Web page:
So Stephen Hawking, physicist and cosmologist, has died after a surprisingly long life considering what he gallantly suffered through and despite his universally acknowledged brilliance in his area of work and interest. So it is with all of us—Death is lord! Human history (whatever one’s philosophy or theology) makes the point that when Death comes calling we go with him.
A young Bertrand Russell (agnostic or Stratonician atheist depending on one’s view) said this:
“Such, in outline, but even more purposeless, more void of meaning, is the world which Science presents for our belief. Amid such a world, if anywhere, our ideals henceforward must find a home. That man is the product of causes which had no prevision of the end they were achieving; that his origin, his growth, his hopes and fears, his loves and his beliefs, are but the outcome of accidental collocations of atoms; that no fire, no heroism, no intensity of thought and feeling, can preserve an individual life beyond the grave; that all the labors of the ages, all the devotion, all the inspiration, all the noonday brightness of human genius, are destined to extinction in the vast death of the solar system, and that the whole temple of man’s achievement must inevitably be buried beneath the debris of a universe in ruins—all these things, if not quite beyond dispute, are yet so nearly certain that no philosophy that rejects them can hope to stand…”
I’m not interested in discussing the ethical ramifications of that view. I just wish to say that if empirical science is the only voice to be heard then “unyielding despair” is an appropriate description of the human condition. All love and longing dies, all those beloved to us perish, all the longings for “justice” for the beaten and battered and butchered are just that, “longings”; longings never fulfilled and they die too. Yes, but what about “life after death”? Empirical science offers no support for that.
My suspicion is that the pervasive atheism that’s around is not the theoretical kind but the practical kind. Whether there is a God or not—He does nothing! Or He does so little that what Woody Allen said sounds right, “Whatever else we can say about him we have to admit he’s ‘an underachiever’.” Something like that. But even that response is the response of someone who has the time and interest to think about the “God question”. Practical atheism is like gentle misty rain; you walk in it and get soaked before you’re even aware of it.
Humans (there are exceptions, of course) are compelled to stay busy. They must eat so they must work, they must sleep, they must go places and come back from them, they must be educated to be employable, they must care for their children, they must wrestle with illness, bear with fierce disappoint and rejection, live by social and legal rules, and so forth. And for those in places like Syria, Yemen, Sudan and countless other hell-holes at home and abroad, things are even “busier”. They don’t have the time or energy to spare to reflect on the “God question”. Millions of them are in practice atheists; not because they have made a decision about God and jettisoned Him but because He obviously leaves them to fend and provide for themselves. Of course in times of down in the depths weariness and in anguish they wish there was someone who would throw in His divine weight to help them with a task to great for them to handle. They come across humans who seem to care, humans who pitch in and try to alleviate if not obliterate the injustice or ease some the simply unavoidable trouble in life. It’s true they know a lot of evil doers and abusers, self-serving politicians, financiers, war-mongering thugs who make a living out of promoting and sustaining war. But as they look around with life-weary eyes they now and then come across humans who care and live to help. But of God there’s no sight! Of an all-powerful and all-loving God there is less than no sight. But again, even those who “make it” tolerably well in life have to work, sleep and keep-up and God if there is one, God who seems uninvolved gets scant attention. Without His help people have to make their way through life and then…they die! Good men and women as well as evil men and women. They all die!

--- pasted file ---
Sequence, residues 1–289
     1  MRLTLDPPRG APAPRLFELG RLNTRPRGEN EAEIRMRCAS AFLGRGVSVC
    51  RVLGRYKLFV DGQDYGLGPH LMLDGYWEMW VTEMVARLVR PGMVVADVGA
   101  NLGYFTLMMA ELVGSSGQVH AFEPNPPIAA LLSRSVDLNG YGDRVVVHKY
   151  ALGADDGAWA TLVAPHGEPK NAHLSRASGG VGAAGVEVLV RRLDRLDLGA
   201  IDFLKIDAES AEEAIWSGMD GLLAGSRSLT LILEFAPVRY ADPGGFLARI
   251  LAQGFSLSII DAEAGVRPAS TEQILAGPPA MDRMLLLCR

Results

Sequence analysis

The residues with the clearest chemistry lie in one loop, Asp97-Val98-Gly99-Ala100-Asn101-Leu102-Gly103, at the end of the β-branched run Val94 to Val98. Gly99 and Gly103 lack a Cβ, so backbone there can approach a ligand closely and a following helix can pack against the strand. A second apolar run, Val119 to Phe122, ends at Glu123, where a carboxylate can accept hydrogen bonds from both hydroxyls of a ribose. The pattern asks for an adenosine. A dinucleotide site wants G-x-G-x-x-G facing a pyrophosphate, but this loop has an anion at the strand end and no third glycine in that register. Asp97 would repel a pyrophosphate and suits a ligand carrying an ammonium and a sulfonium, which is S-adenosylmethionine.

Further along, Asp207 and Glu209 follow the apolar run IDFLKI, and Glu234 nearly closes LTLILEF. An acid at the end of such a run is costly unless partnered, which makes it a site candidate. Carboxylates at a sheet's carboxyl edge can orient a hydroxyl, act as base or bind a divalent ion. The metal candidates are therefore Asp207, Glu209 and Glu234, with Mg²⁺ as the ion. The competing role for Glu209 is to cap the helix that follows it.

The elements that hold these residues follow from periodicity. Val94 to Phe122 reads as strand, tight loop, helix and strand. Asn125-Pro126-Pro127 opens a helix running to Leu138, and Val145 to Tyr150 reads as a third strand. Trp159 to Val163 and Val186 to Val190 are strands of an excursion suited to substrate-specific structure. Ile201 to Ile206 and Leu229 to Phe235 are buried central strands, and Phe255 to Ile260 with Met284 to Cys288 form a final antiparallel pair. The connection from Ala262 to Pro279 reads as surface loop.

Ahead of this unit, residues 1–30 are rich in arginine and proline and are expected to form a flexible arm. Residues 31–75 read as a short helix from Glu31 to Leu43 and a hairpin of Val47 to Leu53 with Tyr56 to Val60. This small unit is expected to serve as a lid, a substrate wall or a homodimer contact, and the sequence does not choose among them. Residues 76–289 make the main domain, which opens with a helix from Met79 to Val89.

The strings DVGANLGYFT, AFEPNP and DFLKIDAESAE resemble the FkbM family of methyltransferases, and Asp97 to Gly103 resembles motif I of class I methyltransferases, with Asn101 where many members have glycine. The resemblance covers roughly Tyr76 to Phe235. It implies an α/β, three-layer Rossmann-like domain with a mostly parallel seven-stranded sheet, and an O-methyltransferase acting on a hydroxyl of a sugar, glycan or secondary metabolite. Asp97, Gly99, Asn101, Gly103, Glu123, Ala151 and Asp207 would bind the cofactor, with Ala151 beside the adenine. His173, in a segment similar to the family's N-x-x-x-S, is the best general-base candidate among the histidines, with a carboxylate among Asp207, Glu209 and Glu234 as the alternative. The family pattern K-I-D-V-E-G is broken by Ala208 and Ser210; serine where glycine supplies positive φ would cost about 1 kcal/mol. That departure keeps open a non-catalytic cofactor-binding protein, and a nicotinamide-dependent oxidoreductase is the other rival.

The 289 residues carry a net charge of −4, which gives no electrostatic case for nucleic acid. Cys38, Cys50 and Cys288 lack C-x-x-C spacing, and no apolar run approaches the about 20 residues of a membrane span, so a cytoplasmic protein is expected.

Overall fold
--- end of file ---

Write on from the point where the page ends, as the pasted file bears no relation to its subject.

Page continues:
Russell again, “…no fire, no heroism, no intensity of thought and feeling, can preserve an individual life beyond the grave; that all the labors of the ages, all the devotion, all the inspiration, all the noonday brightness of human genius, are destined to extinction in the vast death of the solar system, and that the whole temple of man’s achievement must inevitably be buried beneath the debris of a universe in ruins…”
There’s the philosophy of Russell and Hawking. Two brilliant mathematicians and atheists now dead! Their views shared by pantheists like Michio Kaku and Einstein and other atheists like Steven Weinberg soon to be dead.
Universal Death has the last word so they say!
And there stands Jesus of Nazareth with His consummating word; Jesus who was alive, became dead and is alive for evermore (Revelation 1:18). Immortal, glorious, the new and last Adam (1 Corinthians 15:21-22, 45 and entire context) with whom a new and glorious humanity begins and in whom Death and Sin that reigns through Death (Romans 5:14, 21) are defeated. And everyone who comes to the water, in faith and trust, in being baptized into Him and rising from the watery grave in joy-filled trust do in the very act bear witness to His triumph and so proclaim UNYIELDING HOPE (Romans 6:3-6; 1 Peter 1:3; 3:21). And now they live to proclaim hope to the world!
There’s a new world coming, new world saturated with LIFE that is brimful of life; a world in which Sin in any of its forms has no place whatever and Death is like a dream that passed with the coming of the morning.